I'd like to spend a few moments highlighting one example of how Canadian innovation is helping farmers around the world, including farmers in poorer countries. The government of Canada has invested thirteen million dollars to combat wheat stem rust, known as UG99. A fungus, which poses a threat to wheat production. Canada is a leader in this kind of research. Our scientists are doing important work to develop new varieties of wheat resistant to this fungus. Adding in trade and other issues unrelated to science could set a very dangerous precedent. We want to be sure that we don't risk bogging things down in red tape. We want to be sure that we continue to bring new technologies, like our research into wheat stem rust, to the world.


JS: Conservative MP Brian Storseth. As heard there Storseth used the Canadian government's research on wheat stem rust as an example of just why Bill C-474 should be opposed, but there's only one problem with his use of this example. Agriculture and Agri-Food Canada's research on wheat stem rust has nothing to do with genetic engineering and therefore is completely irrelevant to the intention of the bill which again, is specifically targeting genetically engineered varieties. To be sure, Deconstructing Dinner contacted researchers with the department and received a response from Peter Hicklenton, a Science Director of Crop Production Systems for Agriculture and Agri-Food Canada. Peter is the director of the department's research on developing wheat varieties resistant to the wheat stem rust, and he confirmed that their research indeed only involves conventional breeding.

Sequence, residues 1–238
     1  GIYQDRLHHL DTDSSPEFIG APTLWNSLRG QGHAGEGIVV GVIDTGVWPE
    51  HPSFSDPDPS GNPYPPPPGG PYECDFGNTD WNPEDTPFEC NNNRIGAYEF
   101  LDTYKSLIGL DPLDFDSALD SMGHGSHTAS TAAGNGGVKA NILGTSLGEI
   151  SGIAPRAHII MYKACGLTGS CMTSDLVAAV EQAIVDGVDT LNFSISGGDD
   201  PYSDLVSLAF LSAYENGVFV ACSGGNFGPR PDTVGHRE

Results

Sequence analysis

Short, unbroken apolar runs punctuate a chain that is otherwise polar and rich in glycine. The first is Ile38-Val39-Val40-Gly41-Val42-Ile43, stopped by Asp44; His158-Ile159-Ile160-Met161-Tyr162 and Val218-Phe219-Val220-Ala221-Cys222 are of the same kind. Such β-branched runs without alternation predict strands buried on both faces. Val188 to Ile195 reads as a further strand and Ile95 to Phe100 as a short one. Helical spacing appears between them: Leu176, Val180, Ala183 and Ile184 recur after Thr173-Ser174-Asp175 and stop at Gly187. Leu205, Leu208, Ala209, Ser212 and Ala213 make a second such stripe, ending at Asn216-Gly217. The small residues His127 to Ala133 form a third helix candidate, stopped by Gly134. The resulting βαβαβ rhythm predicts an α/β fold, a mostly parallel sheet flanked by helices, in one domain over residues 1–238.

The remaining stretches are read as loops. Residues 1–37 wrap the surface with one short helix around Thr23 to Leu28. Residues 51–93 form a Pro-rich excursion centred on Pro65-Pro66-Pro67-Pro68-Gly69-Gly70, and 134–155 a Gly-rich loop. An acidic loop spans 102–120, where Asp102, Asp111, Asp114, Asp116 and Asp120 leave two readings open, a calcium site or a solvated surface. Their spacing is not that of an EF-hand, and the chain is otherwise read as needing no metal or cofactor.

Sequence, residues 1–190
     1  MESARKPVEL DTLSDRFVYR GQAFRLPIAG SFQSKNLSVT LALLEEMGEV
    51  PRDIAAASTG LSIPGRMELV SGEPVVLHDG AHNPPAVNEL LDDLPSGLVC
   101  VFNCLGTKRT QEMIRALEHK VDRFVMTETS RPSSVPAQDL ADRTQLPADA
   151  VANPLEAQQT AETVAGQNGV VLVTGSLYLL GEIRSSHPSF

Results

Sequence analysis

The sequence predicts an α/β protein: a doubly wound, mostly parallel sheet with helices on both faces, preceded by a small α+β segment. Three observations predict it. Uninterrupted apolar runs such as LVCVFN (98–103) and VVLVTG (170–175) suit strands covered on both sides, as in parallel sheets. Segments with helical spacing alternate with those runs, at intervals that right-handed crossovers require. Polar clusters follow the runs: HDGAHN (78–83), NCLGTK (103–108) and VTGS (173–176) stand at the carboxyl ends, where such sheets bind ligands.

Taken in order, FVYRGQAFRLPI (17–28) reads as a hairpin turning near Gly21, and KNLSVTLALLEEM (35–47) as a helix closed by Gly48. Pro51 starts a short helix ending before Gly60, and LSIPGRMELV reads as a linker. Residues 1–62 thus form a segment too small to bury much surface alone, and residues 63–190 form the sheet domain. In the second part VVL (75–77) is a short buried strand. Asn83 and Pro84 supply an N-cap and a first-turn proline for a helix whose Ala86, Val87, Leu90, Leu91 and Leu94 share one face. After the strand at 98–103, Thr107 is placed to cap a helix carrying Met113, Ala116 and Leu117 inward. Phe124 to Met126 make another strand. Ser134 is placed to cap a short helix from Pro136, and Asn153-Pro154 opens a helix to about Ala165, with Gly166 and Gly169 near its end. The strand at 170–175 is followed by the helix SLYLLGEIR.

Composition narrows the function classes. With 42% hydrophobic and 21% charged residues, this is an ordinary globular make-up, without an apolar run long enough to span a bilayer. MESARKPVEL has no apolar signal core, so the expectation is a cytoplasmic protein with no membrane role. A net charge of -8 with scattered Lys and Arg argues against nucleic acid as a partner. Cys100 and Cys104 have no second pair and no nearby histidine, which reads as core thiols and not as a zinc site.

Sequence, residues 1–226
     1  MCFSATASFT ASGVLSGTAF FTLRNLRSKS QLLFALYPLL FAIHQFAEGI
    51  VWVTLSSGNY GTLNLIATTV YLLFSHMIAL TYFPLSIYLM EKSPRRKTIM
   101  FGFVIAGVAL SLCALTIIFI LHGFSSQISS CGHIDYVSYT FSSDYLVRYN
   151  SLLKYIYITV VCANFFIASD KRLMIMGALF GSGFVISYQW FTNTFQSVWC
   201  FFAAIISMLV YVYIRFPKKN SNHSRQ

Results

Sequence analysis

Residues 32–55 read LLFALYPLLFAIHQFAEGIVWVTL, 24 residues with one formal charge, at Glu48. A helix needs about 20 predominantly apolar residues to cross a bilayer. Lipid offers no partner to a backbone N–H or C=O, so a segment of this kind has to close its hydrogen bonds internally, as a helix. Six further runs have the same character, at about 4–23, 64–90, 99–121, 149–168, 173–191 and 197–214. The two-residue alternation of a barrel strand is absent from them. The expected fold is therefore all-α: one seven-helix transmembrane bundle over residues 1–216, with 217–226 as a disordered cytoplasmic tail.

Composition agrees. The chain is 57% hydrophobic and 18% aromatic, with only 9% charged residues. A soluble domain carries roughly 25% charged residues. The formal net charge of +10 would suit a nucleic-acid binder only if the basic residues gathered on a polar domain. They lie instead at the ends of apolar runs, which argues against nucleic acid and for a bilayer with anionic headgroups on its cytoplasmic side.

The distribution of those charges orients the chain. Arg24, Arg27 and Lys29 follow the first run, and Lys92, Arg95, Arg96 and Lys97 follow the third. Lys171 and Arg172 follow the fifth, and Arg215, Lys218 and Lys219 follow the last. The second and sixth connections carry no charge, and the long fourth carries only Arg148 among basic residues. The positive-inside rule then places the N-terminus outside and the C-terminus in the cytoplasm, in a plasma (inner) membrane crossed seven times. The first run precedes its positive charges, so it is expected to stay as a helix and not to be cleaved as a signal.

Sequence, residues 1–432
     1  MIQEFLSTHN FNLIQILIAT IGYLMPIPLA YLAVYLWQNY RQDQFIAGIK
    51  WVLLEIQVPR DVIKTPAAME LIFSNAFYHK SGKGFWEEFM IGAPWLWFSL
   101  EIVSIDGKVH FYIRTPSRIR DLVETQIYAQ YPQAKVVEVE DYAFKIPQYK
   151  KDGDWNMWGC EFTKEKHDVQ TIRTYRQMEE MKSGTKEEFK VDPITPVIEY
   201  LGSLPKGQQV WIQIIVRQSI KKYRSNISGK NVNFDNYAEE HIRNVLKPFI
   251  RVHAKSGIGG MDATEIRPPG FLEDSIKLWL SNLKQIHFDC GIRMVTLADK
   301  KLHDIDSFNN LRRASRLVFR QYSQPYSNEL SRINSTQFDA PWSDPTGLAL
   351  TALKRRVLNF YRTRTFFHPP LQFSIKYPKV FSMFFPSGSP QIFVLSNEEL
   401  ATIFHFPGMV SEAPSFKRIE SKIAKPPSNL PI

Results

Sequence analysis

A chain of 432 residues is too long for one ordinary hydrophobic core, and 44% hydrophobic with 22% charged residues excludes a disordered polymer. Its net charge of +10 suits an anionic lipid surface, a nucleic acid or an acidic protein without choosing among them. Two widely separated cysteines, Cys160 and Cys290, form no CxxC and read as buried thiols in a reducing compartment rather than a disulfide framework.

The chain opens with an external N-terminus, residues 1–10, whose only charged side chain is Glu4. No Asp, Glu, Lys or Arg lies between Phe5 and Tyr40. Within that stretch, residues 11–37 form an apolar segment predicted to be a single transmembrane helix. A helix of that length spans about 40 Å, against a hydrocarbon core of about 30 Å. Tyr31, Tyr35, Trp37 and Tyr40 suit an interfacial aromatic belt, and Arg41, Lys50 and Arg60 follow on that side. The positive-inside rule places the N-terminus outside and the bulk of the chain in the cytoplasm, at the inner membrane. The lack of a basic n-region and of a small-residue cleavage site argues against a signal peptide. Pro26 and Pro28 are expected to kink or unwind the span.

Deconstructing Dinner shared our findings on this with Liberal MP Wayne Easter.


Wayne Easter: I think one of the problems with Brian's argument in this case is that the government members are so opposed to this bill that they're exaggerating the debate, using any issue they can to exaggerate the debate. And I come back to my original point. Let's try and not exaggerate it on either side. Let's bring in the witnesses, hear what they have to say. Is this bill the right place to in fact deal with this issue? If it's not is there another approach we should be taking? But let's have the debate based by having witnesses who can come in with substantive facts.